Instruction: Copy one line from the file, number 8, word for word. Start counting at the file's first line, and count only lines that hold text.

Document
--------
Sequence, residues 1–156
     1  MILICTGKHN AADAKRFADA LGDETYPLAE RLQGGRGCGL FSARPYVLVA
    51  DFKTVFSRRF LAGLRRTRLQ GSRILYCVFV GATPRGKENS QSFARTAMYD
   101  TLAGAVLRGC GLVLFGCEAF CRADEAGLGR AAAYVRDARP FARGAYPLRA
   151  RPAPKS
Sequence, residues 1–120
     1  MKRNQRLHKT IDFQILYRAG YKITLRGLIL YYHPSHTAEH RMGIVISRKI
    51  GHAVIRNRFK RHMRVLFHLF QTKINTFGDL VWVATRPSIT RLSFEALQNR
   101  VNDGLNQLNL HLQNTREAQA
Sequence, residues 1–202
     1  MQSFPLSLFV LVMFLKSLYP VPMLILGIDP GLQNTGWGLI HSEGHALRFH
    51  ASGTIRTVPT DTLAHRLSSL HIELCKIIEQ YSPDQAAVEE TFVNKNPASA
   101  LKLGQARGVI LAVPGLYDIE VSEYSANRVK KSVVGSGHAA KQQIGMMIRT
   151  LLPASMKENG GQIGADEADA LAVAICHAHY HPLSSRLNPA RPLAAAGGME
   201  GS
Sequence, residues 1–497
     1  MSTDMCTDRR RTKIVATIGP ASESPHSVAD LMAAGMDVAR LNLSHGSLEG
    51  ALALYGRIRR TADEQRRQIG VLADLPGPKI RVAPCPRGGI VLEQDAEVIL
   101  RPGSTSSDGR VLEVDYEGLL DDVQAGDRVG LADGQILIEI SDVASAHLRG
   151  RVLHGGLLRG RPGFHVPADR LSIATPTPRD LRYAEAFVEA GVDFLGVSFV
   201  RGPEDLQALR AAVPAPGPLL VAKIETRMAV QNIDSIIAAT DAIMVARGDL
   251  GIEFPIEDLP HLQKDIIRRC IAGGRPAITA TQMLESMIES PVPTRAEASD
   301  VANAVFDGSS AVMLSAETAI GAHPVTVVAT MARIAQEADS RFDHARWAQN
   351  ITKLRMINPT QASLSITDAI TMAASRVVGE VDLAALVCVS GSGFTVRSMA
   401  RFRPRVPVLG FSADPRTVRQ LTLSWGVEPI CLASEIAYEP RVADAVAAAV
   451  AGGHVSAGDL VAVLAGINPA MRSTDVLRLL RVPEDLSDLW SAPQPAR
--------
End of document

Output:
    51  GHAVIRNRFK RHMRVLFHLF QTKINTFGDL VWVATRPSIT RLSFEALQNR